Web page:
• coaches in career/life planning, including college and university scholarship application process
  • provides personal support and referrals to community resources
  • supports students in academic planning and course selection
  • supports students in establishing effective study habits and exam preparation
  • supports students with life skills like decision-making, problem solving, conflict resolution, stress and time management and relationship awareness

You or your student can make an appointment to visit the guidance office at any time during the school year. Drop-in appointments may be available.

Ontario Youth Apprenticeship Program (OYAP)

OYAP is available to all full-time students who are at least 16 years old and have 16 high school credits. Students must be taking cooperative education and may be registered as an apprentice to their employer with the Ministry of Labour, Training and Skills Development. All of the hours they work in co-op and any part-time work may then be credited towards their apprenticeship.

Learn more about OYAP.

Simcoe Shores Secondary School

The SCDSB has an alternative secondary school, with locations throughout Simcoe County. The program is designed for students who have difficulty coping with a large school setting, and who may benefit from the small class sizes, one-on-one assistance, flexibility and close relationships with the teachers. 

Find more information about Simcoe Shores Secondary School.

Specialist High Skills Major (SHSM)

SHSM programs are sector-specific programs that start in Grade 11. Programs are made up of a bundle of eight to ten courses to suit students pursuing apprenticeship, college, university or workplace destinations. In a SHSM, students:

  • Participate in field trip opportunities connected with a specific sector
  • Earn valuable industry-related certifications and training related to the selected sector
  • Develop important on-the-job skills and work habits through cooperative education placements

For more information about SHSM programs available at SCDSB schools, visit

Student success teams

Student success teams work together to ensure smooth transitions for students between grades, from elementary to secondary school, and after graduation. As students progress, they are encouraged to become the architects of their own learning.

Elementary and secondary student success teachers ensure that all students have the opportunity to succeed, despite any potential obstacles that can otherwise affect learning.  These teachers work with students in one-on-one, small group and classroom settings to provide the supports necessary for successful transitions in school and life. Student success teachers work in collaboration with classroom teachers, guidance, special education teachers, administration and community partners to create a wide circle of support for students who need extra attention or who struggle to remain engaged and motivated.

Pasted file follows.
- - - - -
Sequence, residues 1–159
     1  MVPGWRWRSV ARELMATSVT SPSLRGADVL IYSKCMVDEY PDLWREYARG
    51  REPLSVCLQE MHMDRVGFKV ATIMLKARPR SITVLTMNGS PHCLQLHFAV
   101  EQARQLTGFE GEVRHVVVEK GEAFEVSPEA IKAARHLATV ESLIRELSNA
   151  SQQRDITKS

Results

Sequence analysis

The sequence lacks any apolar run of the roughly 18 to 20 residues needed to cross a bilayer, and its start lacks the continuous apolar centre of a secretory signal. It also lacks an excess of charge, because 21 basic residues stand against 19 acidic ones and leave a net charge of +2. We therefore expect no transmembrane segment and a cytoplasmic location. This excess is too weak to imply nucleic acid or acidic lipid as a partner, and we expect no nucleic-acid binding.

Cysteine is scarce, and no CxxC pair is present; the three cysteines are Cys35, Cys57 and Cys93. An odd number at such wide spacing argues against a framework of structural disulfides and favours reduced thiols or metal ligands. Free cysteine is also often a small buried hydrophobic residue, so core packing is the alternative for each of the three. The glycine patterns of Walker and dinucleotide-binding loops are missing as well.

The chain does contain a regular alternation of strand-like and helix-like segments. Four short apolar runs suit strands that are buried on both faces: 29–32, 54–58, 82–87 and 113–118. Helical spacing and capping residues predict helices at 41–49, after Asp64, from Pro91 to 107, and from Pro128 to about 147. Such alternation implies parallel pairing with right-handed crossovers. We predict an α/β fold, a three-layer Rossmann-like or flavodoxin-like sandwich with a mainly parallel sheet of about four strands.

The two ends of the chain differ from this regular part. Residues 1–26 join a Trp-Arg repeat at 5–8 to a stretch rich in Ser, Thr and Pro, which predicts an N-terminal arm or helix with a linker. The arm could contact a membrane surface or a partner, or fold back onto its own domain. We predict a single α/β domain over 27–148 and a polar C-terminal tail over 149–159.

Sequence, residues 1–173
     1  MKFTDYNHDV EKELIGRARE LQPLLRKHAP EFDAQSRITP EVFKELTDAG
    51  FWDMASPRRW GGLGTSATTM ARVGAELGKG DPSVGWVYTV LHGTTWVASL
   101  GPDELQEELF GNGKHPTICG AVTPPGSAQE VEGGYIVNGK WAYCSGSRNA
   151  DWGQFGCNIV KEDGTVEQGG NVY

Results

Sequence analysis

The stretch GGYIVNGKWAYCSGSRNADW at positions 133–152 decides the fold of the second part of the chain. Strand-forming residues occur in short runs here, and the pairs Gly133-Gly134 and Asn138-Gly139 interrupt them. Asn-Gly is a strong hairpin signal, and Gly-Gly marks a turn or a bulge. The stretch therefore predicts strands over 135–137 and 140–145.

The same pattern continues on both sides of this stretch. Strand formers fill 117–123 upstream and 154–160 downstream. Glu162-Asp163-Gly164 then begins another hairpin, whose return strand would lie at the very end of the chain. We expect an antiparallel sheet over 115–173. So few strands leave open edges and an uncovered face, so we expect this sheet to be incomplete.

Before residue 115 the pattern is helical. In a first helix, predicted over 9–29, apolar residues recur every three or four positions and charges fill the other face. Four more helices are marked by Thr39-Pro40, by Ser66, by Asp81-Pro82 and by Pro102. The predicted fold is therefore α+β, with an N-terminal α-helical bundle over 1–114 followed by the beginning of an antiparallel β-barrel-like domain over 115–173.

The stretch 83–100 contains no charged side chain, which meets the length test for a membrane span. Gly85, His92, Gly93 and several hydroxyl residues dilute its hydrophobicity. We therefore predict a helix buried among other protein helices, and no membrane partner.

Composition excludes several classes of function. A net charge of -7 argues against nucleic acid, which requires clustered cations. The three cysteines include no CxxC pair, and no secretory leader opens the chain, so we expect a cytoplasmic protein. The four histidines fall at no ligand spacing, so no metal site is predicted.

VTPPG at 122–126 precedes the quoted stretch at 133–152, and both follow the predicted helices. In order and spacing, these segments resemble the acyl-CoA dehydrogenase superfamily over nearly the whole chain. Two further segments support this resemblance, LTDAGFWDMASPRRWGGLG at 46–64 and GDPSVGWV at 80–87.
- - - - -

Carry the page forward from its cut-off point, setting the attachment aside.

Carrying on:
Technological education and skilled trades

The SCDSB has invested in its technological education programs to ensure students have access to industry-standard equipment and current, relevant course content. Please note that not all courses are offered in every school. Refer to your school’s course calendar to see the available courses.

Click here to view the accessible version of this interactive content

Course calendar and course selection process 

Course selection begins in January every year. There are certain courses students are required to take (compulsory), and others that they can choose (optional).

View the course calendar for your secondary school.

Additional ways to earn credits


eLearning allows students to take courses online. eLearning courses offer the flexibility of choice and timing, as students manage their learning independently. Find more information about eLearning.


Prior Learning Assessment and Recognition (PLAR) is a formal evaluation and credit granting process whereby students may obtain credits for prior learning. This includes knowledge and skills that students have acquired in both formal and informal ways, outside of secondary school. Students should speak with a guidance counsellor for further information and to start the PLAR referral process. 

Summer school, night school and travel credits

Students can complete credits outside of regular school hours. Summer school provides options for students who want to reach ahead or earn credits while travelling. Night school is great for students who need more flexibility in their schedule. Find out more about summer and night school at